You also take a simplistic view of “California.” Is San Francisco liberal? Sure. But just recently, driving through some of the more agricultural parts of the state, I saw an enormous number of Tea Party signs. California certainly has problems, but it also is a place of great diversity, and many of its communities are among the most tolerant in the nation. If California were to “float away,” the nation would be less for it.

    “Liberal retards”? Shame on you.

    It is discourse like that that will wreck what Abraham Lincoln called the “last, best hope on earth.”

    From MNB user Alex Drew comes a more civilized form of criticism:

    For a city known to be free thinking and tolerance on personal choice they are sure making some laws that take that right away.  Kind of going to the other side of the extreme spectrum.  Maybe next they will ban red meat altogether. 

    You are free to have the right to choose for yourself, if only your choice matches ours.  Sounds like the new motto for many cities putting these bans in place. 

    Another MNB user wrote:

    Eliminating the toy is ridiculous.  Making the meal healthy with "kid appeal" is the issue.  I have not eaten at McDonald’s since my junior year in college, 1986, but the toy idea is a no brainer.  Who goes to dinner with a two, three or four year old without an entertainment plan?  McDonald’s had it covered.

    On another subject, MNB user Michael Bruce wrote:

    Wow, in your one rebuttal to the hoopla over Justin Bieber, you throw out Bobby Sherman’s name, and I’m guessing that only you, I and maybe a handful of your other readers know who that is.  But since you’re reaching so far back and dating some of us, do you remember the show he starred in?  I know you’re a movie guy, but let’s see how you are with old TV shows.

    Always read and enjoy your news topics and your views!  And just sometimes, you simply put a smile on my face on what otherwise would be another ho-hum day of keeping up on things!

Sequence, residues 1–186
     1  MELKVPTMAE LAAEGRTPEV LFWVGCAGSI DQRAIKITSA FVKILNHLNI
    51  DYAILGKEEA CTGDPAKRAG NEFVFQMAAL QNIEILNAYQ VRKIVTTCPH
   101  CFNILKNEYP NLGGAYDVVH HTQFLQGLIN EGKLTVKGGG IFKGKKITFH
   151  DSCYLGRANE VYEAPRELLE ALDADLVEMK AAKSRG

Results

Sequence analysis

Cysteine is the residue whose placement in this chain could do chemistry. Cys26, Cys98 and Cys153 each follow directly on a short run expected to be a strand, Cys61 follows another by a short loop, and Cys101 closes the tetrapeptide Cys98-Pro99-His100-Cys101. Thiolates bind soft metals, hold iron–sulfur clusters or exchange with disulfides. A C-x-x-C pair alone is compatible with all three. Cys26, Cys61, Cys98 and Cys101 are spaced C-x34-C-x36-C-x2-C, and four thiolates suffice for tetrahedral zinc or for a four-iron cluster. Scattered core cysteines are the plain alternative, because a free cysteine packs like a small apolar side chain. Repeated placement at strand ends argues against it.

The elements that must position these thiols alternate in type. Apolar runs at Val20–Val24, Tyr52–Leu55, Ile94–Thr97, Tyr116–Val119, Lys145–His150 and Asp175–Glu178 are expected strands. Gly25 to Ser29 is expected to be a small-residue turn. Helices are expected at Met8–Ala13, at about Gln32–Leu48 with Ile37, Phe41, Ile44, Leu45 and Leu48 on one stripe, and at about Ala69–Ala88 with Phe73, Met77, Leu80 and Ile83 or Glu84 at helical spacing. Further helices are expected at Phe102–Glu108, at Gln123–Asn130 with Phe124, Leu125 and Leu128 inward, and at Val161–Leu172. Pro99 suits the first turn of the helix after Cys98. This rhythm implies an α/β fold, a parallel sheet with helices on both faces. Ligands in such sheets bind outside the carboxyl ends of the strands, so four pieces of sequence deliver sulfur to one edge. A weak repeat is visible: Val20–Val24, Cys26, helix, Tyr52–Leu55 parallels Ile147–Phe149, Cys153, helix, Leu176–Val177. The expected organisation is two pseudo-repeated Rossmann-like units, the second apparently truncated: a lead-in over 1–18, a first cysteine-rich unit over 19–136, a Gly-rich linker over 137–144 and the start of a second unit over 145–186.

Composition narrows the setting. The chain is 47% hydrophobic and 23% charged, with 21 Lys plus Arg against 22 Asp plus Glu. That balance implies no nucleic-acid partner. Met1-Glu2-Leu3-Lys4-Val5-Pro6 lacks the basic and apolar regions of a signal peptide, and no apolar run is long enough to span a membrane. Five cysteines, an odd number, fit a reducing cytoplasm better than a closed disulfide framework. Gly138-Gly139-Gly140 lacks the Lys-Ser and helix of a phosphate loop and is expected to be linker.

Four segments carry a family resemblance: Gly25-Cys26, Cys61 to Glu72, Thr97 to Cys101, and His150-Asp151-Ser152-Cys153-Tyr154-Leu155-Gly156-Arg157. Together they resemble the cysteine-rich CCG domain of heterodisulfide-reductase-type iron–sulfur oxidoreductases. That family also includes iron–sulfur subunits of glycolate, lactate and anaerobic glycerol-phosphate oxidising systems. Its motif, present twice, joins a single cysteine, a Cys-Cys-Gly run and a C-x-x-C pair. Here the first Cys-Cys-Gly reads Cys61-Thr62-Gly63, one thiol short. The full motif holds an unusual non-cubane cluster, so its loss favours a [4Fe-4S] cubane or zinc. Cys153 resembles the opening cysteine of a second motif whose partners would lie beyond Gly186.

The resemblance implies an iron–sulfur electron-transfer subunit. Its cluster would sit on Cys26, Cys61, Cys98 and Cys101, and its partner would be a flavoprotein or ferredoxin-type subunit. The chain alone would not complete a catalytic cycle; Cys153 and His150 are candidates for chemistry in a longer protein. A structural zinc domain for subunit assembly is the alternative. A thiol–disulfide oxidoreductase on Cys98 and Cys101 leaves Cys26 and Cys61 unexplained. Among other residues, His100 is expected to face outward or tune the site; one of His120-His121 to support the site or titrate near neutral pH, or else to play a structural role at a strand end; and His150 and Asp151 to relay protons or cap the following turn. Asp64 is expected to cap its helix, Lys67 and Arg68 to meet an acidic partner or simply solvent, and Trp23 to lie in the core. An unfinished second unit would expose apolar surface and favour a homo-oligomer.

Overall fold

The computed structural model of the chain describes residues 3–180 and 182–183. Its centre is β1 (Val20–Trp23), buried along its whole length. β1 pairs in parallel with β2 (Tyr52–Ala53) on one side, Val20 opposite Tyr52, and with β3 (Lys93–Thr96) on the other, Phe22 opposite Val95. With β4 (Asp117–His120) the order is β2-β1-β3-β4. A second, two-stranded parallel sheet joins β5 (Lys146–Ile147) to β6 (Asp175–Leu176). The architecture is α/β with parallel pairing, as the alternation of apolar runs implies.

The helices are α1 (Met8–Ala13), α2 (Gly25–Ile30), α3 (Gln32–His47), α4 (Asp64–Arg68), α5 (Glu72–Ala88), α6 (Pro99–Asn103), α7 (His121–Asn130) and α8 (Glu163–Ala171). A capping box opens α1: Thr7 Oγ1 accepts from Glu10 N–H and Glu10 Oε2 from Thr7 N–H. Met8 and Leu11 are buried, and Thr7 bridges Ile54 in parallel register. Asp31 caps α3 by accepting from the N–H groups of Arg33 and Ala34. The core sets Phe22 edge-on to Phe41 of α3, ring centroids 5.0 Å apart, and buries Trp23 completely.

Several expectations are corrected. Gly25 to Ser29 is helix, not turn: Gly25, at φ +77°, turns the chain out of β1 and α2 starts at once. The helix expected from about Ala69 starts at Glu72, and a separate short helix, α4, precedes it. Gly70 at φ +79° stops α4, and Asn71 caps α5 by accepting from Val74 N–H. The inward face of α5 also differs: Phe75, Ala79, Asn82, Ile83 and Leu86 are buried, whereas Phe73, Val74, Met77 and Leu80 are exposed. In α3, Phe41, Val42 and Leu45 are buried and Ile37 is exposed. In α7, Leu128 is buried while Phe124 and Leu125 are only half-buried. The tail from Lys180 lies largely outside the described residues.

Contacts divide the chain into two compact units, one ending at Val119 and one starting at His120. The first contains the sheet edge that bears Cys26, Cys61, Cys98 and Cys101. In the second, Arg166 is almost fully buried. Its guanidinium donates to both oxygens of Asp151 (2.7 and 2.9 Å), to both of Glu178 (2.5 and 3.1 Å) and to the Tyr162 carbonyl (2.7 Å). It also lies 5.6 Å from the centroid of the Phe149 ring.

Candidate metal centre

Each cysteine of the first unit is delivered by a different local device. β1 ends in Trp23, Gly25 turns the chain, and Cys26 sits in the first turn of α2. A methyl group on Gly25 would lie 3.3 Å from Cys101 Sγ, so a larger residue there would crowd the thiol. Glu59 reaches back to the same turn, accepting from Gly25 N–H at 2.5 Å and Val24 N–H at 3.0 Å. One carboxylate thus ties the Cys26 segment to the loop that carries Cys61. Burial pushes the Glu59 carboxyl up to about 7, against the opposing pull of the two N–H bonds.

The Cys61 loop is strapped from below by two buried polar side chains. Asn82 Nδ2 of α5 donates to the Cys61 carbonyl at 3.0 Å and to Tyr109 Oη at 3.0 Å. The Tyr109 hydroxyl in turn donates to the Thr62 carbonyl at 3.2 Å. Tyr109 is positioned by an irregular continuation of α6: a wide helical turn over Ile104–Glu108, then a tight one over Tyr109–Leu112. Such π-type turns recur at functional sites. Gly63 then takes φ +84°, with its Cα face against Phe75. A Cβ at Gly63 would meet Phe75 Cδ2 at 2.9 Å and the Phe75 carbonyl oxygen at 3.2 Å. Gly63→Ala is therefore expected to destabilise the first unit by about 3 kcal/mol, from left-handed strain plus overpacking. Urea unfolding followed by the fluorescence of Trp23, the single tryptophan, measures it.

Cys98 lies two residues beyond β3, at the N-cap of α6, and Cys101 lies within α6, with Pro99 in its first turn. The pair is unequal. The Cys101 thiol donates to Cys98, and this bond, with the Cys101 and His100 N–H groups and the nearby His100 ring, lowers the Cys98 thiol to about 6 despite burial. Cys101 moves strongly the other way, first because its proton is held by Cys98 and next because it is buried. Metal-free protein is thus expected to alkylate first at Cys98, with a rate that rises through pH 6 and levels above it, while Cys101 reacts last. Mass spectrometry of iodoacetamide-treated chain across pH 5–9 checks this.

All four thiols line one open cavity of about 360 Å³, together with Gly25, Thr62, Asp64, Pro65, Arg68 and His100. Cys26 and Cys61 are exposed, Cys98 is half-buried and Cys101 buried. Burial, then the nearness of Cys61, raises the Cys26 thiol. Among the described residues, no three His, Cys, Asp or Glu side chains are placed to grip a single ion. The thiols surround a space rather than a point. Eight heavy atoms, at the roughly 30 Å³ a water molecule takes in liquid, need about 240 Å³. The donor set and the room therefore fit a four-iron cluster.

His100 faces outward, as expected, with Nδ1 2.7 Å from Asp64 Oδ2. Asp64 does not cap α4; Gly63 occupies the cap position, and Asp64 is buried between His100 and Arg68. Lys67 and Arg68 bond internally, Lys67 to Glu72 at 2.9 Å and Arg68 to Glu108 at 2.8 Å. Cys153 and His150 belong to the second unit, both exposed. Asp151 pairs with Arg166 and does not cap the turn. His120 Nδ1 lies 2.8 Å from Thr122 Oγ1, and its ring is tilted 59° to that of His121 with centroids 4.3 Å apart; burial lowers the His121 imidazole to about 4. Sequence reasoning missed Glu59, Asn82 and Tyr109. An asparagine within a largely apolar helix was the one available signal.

The show was “Here Come The Brides,” and it co-starred Robert Brown and David Soul (before “Starsky and Hutch”). And you can ask Sansolo ... I knew the answer to that without looking it up online.

    I’m actually pretty good with old TV shows.

    Regarding Fresh Market’s national expansion plans, one MNB user wrote:

    One major problem with Fresh markets going national…They can’t use the name in Utah. (Affiliated operates a chain there with that name that are the former Albertsons).  It would be interesting to see where else they can’t use the name.  Sunflower/Newflower ran into this after they sold the rights to the name to Supervalu a few  years ago (which for $20 they might be able to get back now considering SVU’s current issues).

    Another MNB user wrote:

    I love their stores (live in Florida) but I agree with you completely. The infrastructure will not handle it. They now stretch from Wisconsin to Florida and that "taxes" them now.

    Responding to my politically themed Eye-Opener yesterday, one MNB user wrote:

    I couldn’t agree with you more!! I am so feed up with gas bag politicians that I voted anti-incumbent, I didn’t care what party they belonged to. I am normally conservative, but if the GOP thinks they have a mandate and screw around with this next 2 years they will be out on their collective ass. We need results, not sound bites, and somebody needs to have the b---- to do the tough things to get this spending under control.

    I also made a couple of references to “Morning Joe” on MSNBC yesterday, which led one MNB user to write:

    How could you forget also on “Morning Joe,” Elvis Costello?

    He was great, wasn’t he? And his new album sounds wonderful.

    Though to be fair, he’s no Justin Bieber.
    KC's View: